The skin object manifest file format (see Listing 17-3) is derived from version 2 of the module manifest format (shown previously in Listing 17-1). Changes are highlighted.

Listing 17-3: Skin Object Manifest File Format

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 <?xml version="1.0" encoding="utf-8" ?> <dotnetnuke version="D.D" type="SkinObject">  -- Changed type value   <folders>     <folder>       <name />       <description />                         -- Not used       <version />                             -- Not used       <resourcefile />       <modules>         <module>           <friendlyname />                    -- Not used           <controls>             <control>               <key />               <title />               <src />               <iconfile />               <type />                        -- Changed valid values               <vieworder />             </control>           </controls>         </module>       </modules>       <files>         <file>           <path />           <name />         </file>       </files>     </folder>   </folders> </dotnetnuke> 
image from book

The type attribute of the root dotnetnuke node must be set to "SkinObject". Unlike modules, skin objects ignore the version value. The version must still be a decimal number in the format D.D where D is a single digit.

Important 

Although there is no restriction on the actual number, it should be set to 2.0 to prevent conflicts with future versions of the skin object format.

The description, version, and friendlyname elements are no longer used but are still allowed in the manifest file without causing a validation error. The type element must be set to "SkinObject". The name element will be used to set the friendlyname, foldername, and modulename attributes for the skin object in the database.

Providers

Providers are a third mechanism for extending the functionality of the DotNetNuke portal framework. The primary difference between modules, skin objects, and providers is in the usage pattern. Modules provide a mechanism for extending system functionality. No two modules are guaranteed to provide the same functionality or implementation. Skin objects follow this behavior, with each skin object being free to implement whatever functionality is desired. Providers are unique in that each provider of a given type must implement the same functionality. The implementation details may change but the basic functionality (that is, the programming interface) is defined by the portal.

Because providers are a programmatic extension to the portal framework, they use the packaging and installation mechanism defined for modules. Like skin objects, providers have their own manifest file format (see Listing 17-4), which is derived from the module manifest format.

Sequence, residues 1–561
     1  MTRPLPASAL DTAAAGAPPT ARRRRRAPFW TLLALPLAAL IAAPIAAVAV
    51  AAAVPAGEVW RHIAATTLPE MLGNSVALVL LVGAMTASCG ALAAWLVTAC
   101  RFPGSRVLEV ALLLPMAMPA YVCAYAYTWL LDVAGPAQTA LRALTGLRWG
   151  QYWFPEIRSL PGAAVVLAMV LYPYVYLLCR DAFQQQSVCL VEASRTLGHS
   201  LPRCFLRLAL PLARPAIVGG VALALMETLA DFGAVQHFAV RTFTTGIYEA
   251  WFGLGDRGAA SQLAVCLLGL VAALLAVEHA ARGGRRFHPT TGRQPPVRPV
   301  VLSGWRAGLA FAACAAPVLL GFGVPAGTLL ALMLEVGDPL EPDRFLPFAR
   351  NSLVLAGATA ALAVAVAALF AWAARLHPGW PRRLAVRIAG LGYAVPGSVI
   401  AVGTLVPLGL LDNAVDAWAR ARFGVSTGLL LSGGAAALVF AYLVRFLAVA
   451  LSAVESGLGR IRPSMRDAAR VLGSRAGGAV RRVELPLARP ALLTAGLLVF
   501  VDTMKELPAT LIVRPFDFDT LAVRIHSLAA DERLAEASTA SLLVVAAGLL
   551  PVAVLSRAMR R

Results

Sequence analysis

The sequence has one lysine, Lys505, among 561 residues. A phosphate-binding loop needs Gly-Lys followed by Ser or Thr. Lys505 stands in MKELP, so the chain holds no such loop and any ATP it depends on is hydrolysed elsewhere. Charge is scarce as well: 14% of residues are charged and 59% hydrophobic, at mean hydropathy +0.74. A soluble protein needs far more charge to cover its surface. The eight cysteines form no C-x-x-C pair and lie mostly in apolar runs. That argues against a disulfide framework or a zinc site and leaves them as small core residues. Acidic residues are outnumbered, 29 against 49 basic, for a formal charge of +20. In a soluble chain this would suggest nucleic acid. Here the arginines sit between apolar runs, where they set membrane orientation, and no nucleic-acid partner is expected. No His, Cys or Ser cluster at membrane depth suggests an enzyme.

Listing 17-4: Provider Manifest File Format

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 <?xml version="1.0"encoding="utf-8" ?> <dotnetnuke version="D.D" type="Provider">  -- Changed type value   <folder>     <name />     <type />     <files>       <file>         <path />         <name />       </file>     </files>   </folder> </dotnetnuke> 
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The type attribute of the root dotnetnuke node must be set to "Provider". Providers follow the same rules as skin objects for the version attribute. Tables 17-6 and 17-7 describe the manifest folder and file elements.

Table 17-6: Provider Manifest Folder Elements

Element

Description

Required

Name

Defines the name of the provider. This name is used to create the folder in the appropriate provider directory.

Yes

Type

The provider type. It can be either DataProviders or LoggingProviders. Yes Additional provider types will be supported in future releases.

Yes

Files

Defines a collection of files that are installed in the current folder. See Table 17-7 for a description of each file element.

Yes

Table 17-7: Provider Manifest File Elements

Element

Description

Required

Path

Defines a relative path to the provider folder.

No

Name

The name of the file in the provider package. If the file does not exist in the provider package, an error will be logged.

Yes

Files in the provider package are installed as follows:

 [DotNetNuke Root Folder]/Providers/[ProviderType]/[FolderName]/[FilePath]/[FileName] 




Professional DotNetNuke 4.0 (c) Open Source Web Application Framework for ASP. NET 4.0
Professional DotNetNuke 4: Open Source Web Application Framework for ASP.NET 2.0 (Programmer to Programmer)
ISBN: 0471788163
EAN: 2147483647
Year: 2006
Pages: 182